Henderson pays no attention to the misery around him when he is in Iceland. He only wants to associate with those he feels are his social equals. He wants to discuss religious philosophy not the misery in the huts of the fishermen.

He comes with a purpose and a narrow view but, like travelers before and after him, Iceland captures his imagination. In the introduction to his book,

Iceland, Or, The Journal of a Residence in that Island, During the Years 1814 and 1815, he says “It is impossible for a stranger to take a single step in Iceland, without having some uncommon object of this description presented to his view; and I, in taking down notes of his progress, his principal difficulty lies in the selection of subjects where such a multiplicity claim his attention. It not infrequently happens that he is denied the pleasure of seeing a human being for several days together, when proceeding from one part of the island to another. In crossing the deserts of the interior, he may travel two hundred miles without perceiving the smallest symptom of animated being of any description whatever; and, even in traversing the inhabited parts, he still finds himself more surrounded by nature than by human society, owing to the distance from one farm-house to another.”

Today, the population has grown from 40,000 to over 300,000. Where there were horse tracks through the wilderness, there are now paved highways and tunnels. Iceland is the most wired country in the world. Airplanes and ships bring more visitors than there are Icelanders. The isolation Henderson describes has largely disappeared. Iceland is the Connected Country.

Iceland, over the last two hundred years, has drawn explorers and scientists, then wealthy tourists and, finally, the burgeoning of ordinary tourists. Henderson was not an ordinary tourist but, still, he left silver behind. There was a bit of money in some people’s pockets after his visit. Today, there is a lot of money left behind. Iceland has few natural resources outside of hydro electricity, other than its striking natural beauty. The uniqueness of the landscape brings people. They come for the Icelandic experience.

The danger is that in trying to attract those dollars and yen and marks and pounds people will create that which is not Icelandic, that which is something people can find anywhere. Tivoli is a historic part of Copenhagen. Coney Island is an integral part of New York. Disney Land is as brash as America.

The challenge for Iceland as it works to repair its economy and finds sources of wealth that will allow it to purchase all those things it does not produce at home (this is a struggle that has existed from the time of Settlement) is to retain its Icelandic character. People came and come for the sagas, for the Viking golden age, for the landscape, for the history, and , nowadays, for the artistic and intellectual events that are regularly held, not to participate in experiences they can better have elsewhere. I don’t want to sound like those Icelandic bishops that got a law passed that said, essentially, that Icelanders shouldn’t be allowed to have any fun but Carnival is best held in sunny climes.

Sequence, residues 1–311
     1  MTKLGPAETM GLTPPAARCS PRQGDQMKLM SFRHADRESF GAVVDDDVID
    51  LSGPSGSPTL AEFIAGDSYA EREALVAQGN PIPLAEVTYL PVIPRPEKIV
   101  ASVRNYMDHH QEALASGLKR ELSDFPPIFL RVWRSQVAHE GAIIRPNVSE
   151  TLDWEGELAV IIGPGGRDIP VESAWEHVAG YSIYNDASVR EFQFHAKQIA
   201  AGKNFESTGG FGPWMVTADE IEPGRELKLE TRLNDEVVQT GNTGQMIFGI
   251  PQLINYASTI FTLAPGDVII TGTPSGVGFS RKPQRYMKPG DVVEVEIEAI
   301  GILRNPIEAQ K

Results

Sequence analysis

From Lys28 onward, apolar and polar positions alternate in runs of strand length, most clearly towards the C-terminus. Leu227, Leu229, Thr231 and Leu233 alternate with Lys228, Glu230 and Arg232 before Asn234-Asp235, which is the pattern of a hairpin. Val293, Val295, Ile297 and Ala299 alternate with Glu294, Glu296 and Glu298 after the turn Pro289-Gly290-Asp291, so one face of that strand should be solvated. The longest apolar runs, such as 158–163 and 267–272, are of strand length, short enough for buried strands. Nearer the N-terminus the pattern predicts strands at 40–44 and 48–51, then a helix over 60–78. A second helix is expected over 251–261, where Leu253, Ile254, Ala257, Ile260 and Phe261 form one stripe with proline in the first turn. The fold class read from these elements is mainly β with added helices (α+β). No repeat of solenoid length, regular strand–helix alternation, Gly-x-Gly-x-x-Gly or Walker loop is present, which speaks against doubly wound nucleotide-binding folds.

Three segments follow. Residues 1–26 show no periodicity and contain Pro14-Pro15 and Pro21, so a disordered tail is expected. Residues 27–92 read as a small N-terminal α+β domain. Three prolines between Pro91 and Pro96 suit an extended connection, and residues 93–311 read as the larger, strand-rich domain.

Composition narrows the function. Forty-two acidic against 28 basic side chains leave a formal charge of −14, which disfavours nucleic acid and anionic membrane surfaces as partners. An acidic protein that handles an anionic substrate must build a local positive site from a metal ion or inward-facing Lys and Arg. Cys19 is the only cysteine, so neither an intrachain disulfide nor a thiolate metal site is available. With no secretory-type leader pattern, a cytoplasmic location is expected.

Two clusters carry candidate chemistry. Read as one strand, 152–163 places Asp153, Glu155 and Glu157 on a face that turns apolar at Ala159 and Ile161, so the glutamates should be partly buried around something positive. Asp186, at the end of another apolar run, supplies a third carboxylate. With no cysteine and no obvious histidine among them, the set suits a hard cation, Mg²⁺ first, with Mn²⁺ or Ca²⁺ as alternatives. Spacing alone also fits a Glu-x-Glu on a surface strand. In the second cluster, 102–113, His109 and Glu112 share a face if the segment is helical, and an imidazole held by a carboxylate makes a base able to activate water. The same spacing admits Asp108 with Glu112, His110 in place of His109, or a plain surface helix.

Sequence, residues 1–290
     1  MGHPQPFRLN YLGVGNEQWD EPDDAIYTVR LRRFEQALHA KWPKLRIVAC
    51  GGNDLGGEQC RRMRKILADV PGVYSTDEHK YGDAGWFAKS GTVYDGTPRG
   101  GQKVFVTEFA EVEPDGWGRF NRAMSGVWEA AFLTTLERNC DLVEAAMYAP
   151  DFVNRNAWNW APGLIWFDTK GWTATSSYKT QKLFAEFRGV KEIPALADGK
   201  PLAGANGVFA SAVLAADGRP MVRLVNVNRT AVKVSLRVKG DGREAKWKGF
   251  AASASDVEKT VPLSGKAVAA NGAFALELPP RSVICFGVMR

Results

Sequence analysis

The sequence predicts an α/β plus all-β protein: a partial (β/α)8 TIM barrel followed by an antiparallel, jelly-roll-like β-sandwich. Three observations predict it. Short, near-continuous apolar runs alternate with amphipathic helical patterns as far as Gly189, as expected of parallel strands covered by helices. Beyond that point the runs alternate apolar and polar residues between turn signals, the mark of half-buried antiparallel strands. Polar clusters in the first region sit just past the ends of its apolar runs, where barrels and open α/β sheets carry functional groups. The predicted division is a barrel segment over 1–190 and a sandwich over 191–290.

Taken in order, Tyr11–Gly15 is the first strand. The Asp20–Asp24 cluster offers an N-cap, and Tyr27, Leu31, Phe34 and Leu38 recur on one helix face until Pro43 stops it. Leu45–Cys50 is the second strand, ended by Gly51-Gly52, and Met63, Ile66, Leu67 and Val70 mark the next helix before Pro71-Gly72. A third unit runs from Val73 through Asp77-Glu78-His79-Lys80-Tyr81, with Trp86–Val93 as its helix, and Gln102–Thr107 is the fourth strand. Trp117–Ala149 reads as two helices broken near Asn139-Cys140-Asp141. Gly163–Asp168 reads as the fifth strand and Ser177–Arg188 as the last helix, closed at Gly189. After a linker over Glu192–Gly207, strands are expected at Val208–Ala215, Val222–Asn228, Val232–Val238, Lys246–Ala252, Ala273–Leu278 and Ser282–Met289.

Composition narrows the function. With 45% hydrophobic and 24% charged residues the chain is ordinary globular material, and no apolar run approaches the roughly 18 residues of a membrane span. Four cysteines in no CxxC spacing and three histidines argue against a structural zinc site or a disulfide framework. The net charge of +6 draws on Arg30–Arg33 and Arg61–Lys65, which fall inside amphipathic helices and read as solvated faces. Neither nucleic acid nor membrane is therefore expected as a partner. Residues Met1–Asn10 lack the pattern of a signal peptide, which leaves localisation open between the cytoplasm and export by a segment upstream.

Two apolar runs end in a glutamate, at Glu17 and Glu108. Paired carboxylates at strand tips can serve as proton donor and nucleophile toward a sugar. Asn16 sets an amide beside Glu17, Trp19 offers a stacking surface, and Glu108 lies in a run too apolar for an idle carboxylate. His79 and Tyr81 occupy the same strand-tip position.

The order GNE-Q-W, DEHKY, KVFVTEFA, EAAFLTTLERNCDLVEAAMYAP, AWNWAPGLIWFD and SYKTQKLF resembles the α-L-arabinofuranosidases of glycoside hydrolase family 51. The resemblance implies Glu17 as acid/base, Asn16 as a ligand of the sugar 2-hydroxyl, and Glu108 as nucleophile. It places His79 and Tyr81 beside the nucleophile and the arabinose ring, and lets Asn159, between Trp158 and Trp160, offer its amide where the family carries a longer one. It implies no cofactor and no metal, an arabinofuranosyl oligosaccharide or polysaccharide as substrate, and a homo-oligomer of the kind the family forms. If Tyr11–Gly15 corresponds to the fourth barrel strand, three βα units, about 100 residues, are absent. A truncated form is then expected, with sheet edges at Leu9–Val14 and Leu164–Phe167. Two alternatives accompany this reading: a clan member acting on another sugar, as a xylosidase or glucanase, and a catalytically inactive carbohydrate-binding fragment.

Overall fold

In all the places I have traveled, what has intrigued and interested, fascinated me was the difference between my life and the life of the local people. If there hadn’t been this difference, I might as well have stayed home. Like Henderson, Waller, Burton and uncountable numbers of others, I love those things that make Iceland uniquely Icelandic. The challenge for Icelanders will be to bring tourist money to Iceland to help heal the wounds of the kreppa while retaining their historic, cultural and artistic heritage in this new, connected world.

Jesus Loves Me

There is one overriding reason, purpose for coming to church on Sundays, Pastor Skonnord, the new minister at the Gimli Lutheran church said this summer, that is to praise the Lord.

“Holy, holy, holy, praise God Almighty,”  that sort of thing. Lutheran hymns aren’t all that singable. If God has a good ear, he must flinch at some of my off key singing. I’m saved by the choir. They guide me down the righteous paths of sound. Some hymns make no sense musically so I just stand there and listen.

I agree with the pastor. We’re there to tell the Lord we worship him (her?) with our songs and prayers. The sermons sometimes enlighten, sometimes befuddle me and I think I’d better read, re-read that bit of scripture again. The readings for the day are usually interesting and it’s nice to have them read by various members of the congregation. Getting people to participate is good.

There are some things that are new or, at least, that I don’t remember from when I was in Sunday school. This pastor and the one before him take some time to sit down on the steps leading to the altar and have the children of the congregation gather round while he tells a story with a moral to it. I think everyone enjoys it. The problem is that some Sundays there are no children. It’s not a good omen. A worse omen is the number of signs I’ve seen on churches in the last few years offering the building for sale. They end up becoming restaurants or music schools. Thank goodness, I don’t know of any that have become banks.

The other new practice is stopping the service and having people  go about shaking hands and saying “Peace be with you.” I like that. It gets people out of their pews, makes them have direct, physical contact with each other. Not exactly Holy Roller stuff that my father used to describe at some church he went to in Winnipeg for a time but nice. Since we’re not persecuted and persecution helps more than anything to make people feel like a bonded community, we need other things to bind us.